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Into the last days of our Lent, these last four days invite us to reflect more on ourselves and on what we have done throughout the year. While our situation might seem similar before with the re-imposition of ECQ in the Greater Manila Area and other quarantine classifications from MECQ, GCQ, and MGCQ, in other regions, I can assure everyone that our situation today is better.
Last year, going through this lockdown, we don’t know much yet about our enemy, the COVID-19. It was fairly new and our biggest weapon back then was only the initial developments for testing. Today, I am more hopeful than ever. As early as November, we have already secured millions of doses of our ultimate weapon against the COVID-19, the vaccines. This was made possible in part by the initiative and selflessness of our private sector along with the openness and passion of our government.
Going back through those times when we were just securing a deal with AstraZeneca, back in November, nothing is certain. Our country hasn’t secured any vaccines yet, the government cannot buy any vaccines as there were no vaccines available that have the necessary approvals, and the economy was in an unfortunate state. The private sector, however, through the proactiveness of Tessie Sy-Coson and patriotism of Lotis Ramin, was able to secure millions of doses through a tripartite agreement—the first one of its kind around the world.
In this tripartite agreement, the government allowed the private sector to procure vaccines for their employees and for our government frontline workers who are combating the virus since the start of this war. Even though the private sector was also challenged, they went beyond their current situation and put at the center the general need of the country. The tripartite model that our country has created is the first of its kind around the world—highlighting the bayanihan spirit that Filipinos are known for.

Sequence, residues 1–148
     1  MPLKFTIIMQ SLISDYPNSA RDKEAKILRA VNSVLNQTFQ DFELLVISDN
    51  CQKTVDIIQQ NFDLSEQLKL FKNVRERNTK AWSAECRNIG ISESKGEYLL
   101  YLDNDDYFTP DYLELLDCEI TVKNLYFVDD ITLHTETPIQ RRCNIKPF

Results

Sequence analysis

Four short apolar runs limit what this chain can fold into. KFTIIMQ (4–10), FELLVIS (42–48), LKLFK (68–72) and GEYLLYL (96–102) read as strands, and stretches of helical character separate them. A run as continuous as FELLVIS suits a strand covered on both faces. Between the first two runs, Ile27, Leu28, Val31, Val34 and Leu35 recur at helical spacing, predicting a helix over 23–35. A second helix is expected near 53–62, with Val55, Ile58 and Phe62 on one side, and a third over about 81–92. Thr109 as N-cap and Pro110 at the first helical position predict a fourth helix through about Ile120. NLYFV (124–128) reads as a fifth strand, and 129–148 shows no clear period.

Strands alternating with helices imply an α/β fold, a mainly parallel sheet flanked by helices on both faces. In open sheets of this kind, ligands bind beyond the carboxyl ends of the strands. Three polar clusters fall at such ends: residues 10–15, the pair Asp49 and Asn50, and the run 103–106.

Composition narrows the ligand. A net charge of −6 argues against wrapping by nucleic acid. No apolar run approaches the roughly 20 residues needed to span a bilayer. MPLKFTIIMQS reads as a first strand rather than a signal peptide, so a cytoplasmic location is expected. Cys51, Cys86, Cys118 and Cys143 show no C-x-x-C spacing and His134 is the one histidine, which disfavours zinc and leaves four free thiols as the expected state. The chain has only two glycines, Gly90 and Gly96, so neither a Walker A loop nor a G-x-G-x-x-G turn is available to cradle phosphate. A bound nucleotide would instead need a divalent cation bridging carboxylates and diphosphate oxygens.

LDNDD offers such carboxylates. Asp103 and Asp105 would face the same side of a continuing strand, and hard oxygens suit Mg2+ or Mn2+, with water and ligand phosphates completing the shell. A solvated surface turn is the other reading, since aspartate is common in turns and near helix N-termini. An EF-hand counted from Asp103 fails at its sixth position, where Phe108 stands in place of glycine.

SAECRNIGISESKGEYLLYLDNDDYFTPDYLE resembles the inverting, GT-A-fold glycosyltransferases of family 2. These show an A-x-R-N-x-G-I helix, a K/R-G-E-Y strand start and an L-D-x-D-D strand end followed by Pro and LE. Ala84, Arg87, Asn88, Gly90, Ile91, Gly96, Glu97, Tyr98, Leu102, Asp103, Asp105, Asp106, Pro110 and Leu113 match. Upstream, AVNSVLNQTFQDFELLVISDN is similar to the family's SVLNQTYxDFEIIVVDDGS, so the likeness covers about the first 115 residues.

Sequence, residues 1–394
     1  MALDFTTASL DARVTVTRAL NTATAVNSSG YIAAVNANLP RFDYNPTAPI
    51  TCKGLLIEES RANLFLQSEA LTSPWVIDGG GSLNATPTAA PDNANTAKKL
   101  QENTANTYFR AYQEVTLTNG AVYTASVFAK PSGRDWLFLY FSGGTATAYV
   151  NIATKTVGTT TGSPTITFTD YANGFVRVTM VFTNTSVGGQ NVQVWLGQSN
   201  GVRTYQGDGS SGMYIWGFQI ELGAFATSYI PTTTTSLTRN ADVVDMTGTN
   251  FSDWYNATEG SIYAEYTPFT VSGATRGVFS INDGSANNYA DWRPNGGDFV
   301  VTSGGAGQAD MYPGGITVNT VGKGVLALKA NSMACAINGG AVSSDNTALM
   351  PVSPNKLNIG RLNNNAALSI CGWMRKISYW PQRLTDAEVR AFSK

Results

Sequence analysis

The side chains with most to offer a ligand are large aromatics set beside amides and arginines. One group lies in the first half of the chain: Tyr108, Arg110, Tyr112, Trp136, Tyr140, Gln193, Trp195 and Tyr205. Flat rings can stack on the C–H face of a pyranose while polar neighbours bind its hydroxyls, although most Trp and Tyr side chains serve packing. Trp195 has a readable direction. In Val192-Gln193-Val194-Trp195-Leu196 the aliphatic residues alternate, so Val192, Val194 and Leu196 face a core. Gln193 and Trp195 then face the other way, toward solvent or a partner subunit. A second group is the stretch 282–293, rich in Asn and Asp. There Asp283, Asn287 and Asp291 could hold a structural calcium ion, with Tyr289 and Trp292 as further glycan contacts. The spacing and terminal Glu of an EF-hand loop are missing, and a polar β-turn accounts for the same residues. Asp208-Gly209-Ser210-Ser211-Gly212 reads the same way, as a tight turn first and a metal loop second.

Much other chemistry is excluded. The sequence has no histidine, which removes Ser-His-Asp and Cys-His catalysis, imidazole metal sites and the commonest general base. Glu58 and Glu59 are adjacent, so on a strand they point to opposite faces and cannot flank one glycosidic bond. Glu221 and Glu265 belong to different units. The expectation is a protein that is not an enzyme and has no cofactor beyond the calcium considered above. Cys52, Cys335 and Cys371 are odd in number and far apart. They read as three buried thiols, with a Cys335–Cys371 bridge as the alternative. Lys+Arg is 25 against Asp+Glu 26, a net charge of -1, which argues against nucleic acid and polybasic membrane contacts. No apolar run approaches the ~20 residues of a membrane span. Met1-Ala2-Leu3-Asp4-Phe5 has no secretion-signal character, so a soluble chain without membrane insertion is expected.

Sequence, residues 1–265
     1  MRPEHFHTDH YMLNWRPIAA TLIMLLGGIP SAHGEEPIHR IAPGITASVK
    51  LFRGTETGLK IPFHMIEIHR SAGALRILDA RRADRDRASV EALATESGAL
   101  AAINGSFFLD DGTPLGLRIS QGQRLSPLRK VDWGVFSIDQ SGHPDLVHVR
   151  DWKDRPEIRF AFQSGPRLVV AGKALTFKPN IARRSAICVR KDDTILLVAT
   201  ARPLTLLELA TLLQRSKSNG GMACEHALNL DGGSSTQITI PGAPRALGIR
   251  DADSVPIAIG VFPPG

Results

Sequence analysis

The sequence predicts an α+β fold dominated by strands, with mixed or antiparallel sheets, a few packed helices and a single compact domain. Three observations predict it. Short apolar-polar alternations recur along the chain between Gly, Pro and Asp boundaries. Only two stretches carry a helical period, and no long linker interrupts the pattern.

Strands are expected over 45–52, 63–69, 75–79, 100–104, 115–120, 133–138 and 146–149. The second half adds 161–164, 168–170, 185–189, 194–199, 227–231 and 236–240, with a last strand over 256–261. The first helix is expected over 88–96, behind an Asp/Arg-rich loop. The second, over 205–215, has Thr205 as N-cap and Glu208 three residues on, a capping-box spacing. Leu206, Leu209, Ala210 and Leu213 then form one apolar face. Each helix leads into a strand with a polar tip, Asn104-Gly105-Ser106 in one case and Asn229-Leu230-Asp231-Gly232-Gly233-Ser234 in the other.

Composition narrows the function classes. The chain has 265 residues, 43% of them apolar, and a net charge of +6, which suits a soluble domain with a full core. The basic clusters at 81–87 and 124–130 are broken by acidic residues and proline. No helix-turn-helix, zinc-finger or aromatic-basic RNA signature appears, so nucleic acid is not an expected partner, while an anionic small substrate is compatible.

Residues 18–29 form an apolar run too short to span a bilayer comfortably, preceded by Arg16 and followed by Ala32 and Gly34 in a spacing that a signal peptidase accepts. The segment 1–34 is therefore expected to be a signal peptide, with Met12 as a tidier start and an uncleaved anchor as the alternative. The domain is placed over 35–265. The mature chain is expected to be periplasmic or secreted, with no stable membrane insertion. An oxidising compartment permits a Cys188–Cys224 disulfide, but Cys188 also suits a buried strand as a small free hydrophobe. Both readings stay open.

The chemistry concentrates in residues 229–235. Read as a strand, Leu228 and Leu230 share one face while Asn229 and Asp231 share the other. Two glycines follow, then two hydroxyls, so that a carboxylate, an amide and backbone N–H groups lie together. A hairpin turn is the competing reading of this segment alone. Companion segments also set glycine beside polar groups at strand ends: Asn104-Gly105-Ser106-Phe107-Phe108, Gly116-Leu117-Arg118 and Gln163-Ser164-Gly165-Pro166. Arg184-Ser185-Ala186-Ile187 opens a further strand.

Evaluating our situation today, I can’t help but think how this narrative fits what Lenten is all about—alms giving, self-denial, and sacrifices. It was like a year of Lent for everyone. We all made sacrifices throughout the way just to ensure the safety not just of ourselves, but of others. The private sector, while also facing their own obstacles were open enough to give to others as their act of virtue. It was pure altruism on the part of the private sector as in the initial part of this initiative, nothing is certain. AstraZeneca has no MHRA or FDA approval when we purchased it, what we only have is hope and the sense of urgency to deliver for the people.
Today, the vaccines started coming and we expect the 2.6 million doses from AstraZeneca to arrive in the country by May and June. The virus is giving us a fight, mutations have been constant. But this was something foreseen by our scientists, that’s why from the beginning of this initiative we have been proactive to make the procurement, and now even the logistics and administration, as fast and efficient as possible.
Even though we are down ourselves in the private sector, with the economy losing billions since the start of the pandemic, the private sector and the government would never stop. Like the story of how the Lenten came to be, our one-year experience of COVID-19 has been a story of suffering to revival. Started with Ash Wednesday that symbolizes death, Lenten ends with Easter, symbolizing life. This pandemic is our lent and the end of this pandemic is Easter—resurrection, and celebration of life.
Last year, it was a question of lives or livelihood, this year, this is not a question anymore, we have been consistent from the get-go that we will always choose both and we will always do our best to save both. While it was difficult to balance the two, never was lives or livelihoods been put out of the picture. This is the logic behind all the private sector’s initiative in procuring the vaccine, and now extending it to administration, that to save both lives and livelihoods, the private sector must move hand-in-hand with the government to win this battle and win it as fast as possible—the faster we accomplish our task, the fewer lives will be lost in the process and the faster livelihoods will revitalize.
Let’s reflect deep during these final days of our Lent. We sacrifice a bit of our sense of normalcy during this pandemic and this sacrifice will not go to waste, everyone’s sacrifice is necessary. As we go through our Lenten lockdown, on the confines of our home, may we be able to see the glimpses of hope and goodness that this sacrifice of ours has given to our medical frontliners that are taking the tool of this pandemic.
Time and time again, let’s use this Lenten lockdown to reflect on the deep questions of life and faith. Let Christ’s journey inspire us that we are not only living for ourselves, but also for others.
Happy Lent to everyone!